This is a brief overview of different strategies for releasing NFTs. Each strategy focuses on a few key aspects of NFT drops:
- Where are the NFTs sold?
- When are the NFTs minted?
- Who is responsible for payment processing?
- When do buyers receive their NFTs?
- How much do buyers trust your project?
- How much do you trust NFT buyers?
With this strategy, the NFTs are pre-minted, so they are all minted before being sold. Then they are bought and sold in an on-chain storefront, this means that completed transactions are reflected on the blockchain.
This allows a dapp to grow without dealing with additional payment rails because the blockchain handles the payment. NFT buyers like this strategy because they don't have to trust the dapp to complete a transaction successfully, all they need is their wallet. This strategy doesn't need a backend, which lowers the costs and complexity for developers. However, while the lack of Know Your Customer (KYC) makes this strategy frictionless for buyers and developers, it also leaves the dapp susceptible to bot attacks because the developer can't verify that the customers are real people.
Pre-minting the NFTs and selling them through the dapp’s website is a similar alternative strategy. This allows the dapp developers to have greater control over the NFT sale process, allowing developers to prevent bots from accessing the storefront.
Another benefit to this strategy is that developers can implement traditional payment rails, like credit cards, into the storefront in addition to crypto payments. This benefits both NFT sellers and buyers because they can use whichever payment method is most convenient, which opens up an NFT storefront to a broader buying audience.
This strategy requires NFT buyers to trust the dapp more, especially with crypto payments, because they are irreversible. Integrating payment processors for traditional payment rails may also be a challenge in some markets, leading to very different user experiences for NFT buyers. As a storefront owner, you also risk chargeback issues when you implement traditional payment rails.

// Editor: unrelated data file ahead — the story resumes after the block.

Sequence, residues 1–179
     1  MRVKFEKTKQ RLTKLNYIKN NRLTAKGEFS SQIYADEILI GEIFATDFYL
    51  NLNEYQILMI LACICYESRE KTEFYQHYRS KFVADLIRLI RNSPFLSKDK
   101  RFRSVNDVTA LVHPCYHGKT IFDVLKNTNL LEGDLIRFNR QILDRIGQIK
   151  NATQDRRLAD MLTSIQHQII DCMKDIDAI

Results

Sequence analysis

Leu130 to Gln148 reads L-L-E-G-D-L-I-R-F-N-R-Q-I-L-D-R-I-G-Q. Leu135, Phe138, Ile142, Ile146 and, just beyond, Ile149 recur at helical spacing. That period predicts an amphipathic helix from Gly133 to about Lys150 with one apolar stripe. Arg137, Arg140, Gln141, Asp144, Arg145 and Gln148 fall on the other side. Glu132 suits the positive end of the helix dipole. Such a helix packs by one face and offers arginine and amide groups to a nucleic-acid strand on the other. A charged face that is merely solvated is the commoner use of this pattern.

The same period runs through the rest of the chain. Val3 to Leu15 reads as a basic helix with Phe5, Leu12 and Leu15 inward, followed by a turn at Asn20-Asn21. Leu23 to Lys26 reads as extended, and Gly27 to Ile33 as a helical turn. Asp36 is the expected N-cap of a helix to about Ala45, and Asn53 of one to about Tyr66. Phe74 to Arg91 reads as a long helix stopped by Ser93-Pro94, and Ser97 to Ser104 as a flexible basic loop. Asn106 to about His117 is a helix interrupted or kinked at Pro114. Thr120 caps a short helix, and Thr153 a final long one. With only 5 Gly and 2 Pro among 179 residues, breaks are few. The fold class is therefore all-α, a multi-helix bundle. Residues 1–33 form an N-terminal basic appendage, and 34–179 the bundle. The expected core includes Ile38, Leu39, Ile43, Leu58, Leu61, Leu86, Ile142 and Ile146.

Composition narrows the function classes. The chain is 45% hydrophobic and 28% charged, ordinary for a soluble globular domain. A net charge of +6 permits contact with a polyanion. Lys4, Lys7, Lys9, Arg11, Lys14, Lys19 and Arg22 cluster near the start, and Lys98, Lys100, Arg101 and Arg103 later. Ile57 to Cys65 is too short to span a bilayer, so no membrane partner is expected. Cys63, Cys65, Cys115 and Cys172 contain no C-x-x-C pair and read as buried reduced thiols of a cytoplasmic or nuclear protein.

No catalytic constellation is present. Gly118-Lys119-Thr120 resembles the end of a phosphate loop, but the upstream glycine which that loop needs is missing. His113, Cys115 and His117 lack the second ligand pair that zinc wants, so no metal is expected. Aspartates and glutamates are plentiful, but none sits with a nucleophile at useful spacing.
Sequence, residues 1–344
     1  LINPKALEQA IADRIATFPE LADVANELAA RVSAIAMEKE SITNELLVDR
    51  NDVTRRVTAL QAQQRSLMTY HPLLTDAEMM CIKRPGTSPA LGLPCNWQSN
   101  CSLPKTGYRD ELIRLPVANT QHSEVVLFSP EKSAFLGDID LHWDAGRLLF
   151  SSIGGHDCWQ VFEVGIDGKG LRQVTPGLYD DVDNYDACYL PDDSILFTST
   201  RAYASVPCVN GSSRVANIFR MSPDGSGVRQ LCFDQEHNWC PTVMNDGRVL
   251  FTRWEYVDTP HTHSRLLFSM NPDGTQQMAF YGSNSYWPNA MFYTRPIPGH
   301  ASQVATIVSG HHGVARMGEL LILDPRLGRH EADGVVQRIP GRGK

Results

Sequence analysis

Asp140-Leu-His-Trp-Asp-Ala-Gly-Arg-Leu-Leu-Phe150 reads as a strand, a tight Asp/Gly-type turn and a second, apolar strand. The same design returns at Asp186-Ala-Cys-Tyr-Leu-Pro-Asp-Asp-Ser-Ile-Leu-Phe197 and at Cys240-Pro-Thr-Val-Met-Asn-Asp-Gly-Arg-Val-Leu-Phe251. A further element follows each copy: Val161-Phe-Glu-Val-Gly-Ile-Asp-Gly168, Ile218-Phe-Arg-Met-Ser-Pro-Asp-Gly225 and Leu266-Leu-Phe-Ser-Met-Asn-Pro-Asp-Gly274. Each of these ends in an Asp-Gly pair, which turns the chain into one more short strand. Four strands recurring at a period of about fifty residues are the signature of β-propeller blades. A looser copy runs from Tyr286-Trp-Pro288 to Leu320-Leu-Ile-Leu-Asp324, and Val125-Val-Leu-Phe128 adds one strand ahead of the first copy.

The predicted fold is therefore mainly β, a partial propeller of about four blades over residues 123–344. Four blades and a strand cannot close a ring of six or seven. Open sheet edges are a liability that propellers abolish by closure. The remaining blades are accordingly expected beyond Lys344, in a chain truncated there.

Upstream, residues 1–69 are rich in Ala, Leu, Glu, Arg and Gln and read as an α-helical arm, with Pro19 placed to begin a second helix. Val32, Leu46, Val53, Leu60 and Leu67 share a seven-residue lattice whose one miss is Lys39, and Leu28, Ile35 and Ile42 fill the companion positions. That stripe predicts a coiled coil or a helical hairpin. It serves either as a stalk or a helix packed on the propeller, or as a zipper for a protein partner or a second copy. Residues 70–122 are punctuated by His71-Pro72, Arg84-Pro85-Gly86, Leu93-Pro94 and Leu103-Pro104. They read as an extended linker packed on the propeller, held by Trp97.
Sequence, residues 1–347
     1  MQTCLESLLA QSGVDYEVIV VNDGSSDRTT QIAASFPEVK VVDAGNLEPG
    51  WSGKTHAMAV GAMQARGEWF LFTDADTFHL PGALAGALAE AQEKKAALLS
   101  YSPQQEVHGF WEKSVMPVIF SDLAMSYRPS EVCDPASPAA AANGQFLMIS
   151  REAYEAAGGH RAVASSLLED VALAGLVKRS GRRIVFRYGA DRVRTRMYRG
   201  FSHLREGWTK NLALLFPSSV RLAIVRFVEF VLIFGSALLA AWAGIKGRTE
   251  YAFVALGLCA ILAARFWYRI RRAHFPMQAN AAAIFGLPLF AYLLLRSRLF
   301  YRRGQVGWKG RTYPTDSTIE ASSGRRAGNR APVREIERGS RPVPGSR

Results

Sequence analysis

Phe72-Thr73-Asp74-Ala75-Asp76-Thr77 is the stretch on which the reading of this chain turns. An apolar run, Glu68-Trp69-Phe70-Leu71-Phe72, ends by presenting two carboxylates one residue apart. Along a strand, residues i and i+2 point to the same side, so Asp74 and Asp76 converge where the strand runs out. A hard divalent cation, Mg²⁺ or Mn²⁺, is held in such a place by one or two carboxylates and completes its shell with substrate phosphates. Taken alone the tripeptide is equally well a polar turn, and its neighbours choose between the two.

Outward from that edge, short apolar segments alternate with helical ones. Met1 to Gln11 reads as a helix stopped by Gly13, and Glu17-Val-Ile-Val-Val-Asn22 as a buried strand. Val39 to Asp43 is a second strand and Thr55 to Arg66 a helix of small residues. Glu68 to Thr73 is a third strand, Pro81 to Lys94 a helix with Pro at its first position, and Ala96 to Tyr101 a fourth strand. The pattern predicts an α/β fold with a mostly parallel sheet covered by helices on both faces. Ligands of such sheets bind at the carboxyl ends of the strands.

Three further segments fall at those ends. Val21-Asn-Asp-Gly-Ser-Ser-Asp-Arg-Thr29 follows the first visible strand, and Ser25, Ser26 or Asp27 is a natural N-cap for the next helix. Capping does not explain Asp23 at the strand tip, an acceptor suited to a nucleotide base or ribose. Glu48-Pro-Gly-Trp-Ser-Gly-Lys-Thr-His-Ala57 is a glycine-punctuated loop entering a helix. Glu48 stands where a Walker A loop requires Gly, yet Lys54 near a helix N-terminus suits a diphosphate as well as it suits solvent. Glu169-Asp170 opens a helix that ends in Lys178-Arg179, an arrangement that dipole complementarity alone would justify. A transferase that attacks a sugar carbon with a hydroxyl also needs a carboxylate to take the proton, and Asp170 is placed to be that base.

Pre-selling claims to NFTs and agreeing to deliver them at a later date is also a popular strategy. This is a great way to gauge interest in your project before investing in content or technology. Buyers receive their NFTs when your dapp is built, and you're ready to deliver content. You can implement smart contracts for NFT pre-sales, and you can handle the transaction either on-chain or off-chain.
For this strategy to succeed, NFT buyers need to have a lot of trust in your project. Buyers can't choose which NFT they buy because it doesn't exist yet, and this strategy doesn't leave much room for secondary markets.
With this strategy, NFTs are minted and sold when a buyer wants to buy them. This strategy is less common than others because building it can be complex. To accomplish this you need to have custom NFT sale contracts for each buyer, and you need to generate unique content for each user. Generating purely random and unique content is challenging, and managing content drops is also a difficult problem to solve. Also, because transactions are on-chain, your dapp will be susceptible to bot attacks.
But, there are some very unique benefits to this strategy. The scarcity of the NFTs is predictable, and your dapp will never have unsold inventory. This strategy also makes your project as decentralized as possible, because you don't need to maintain a centralized inventory or payment process.
This strategy also uses on-demand minting, however, transactions are made off-chain so that developers can have greater control over the NFT sale process. With on-demand minting, a dapp using this strategy will never have unsold inventory, and it benefits from the ability to implement traditional payment rails, like credit cards. Developers can also use KYC to prevent bots or other unauthorized buyers, from buying NFTs.
While this strategy has some very unique benefits, it is complex to set up, which leads to unique challenges. The combination of off-chain transactions and on-demand minting means that this strategy needs more blockchain transactions to complete the NFT purchase flow. Also, like other off-chain strategies, NFT buyers need to trust the dapp, and payment processors may be challenging to implement in some markets.
A real-world example of this strategy is Dooverse.
The final strategy we're looking at allows NFT buyers to register on your website for vouchers that they can exchange for NFTs. The vouchers act as authorization for a buyer, allowing your website to control who is allowed to buy your NFTs, while still gaining the benefits of on-chain transactions. This is a great way to implement on-chain transactions while preventing bots and unauthorized buyers from accessing your NFTs.
However, this 2-step process may be too much friction for some NFT buyers, which may limit your NFT sales. Additionally, the voucher system is imperfect, and there may be an unauthorized secondary market for your project's vouchers. Real-world examples of this strategy include JAMBB and RoundLabs/Faze.
Choosing an NFT drop strategy can be challenging. Each strategy comes with its own benefits and challenges, and it's important to weigh which factors are most important for your project. For more examples of real-world NFT projects using a variety of different strategies, have a look at Flowverse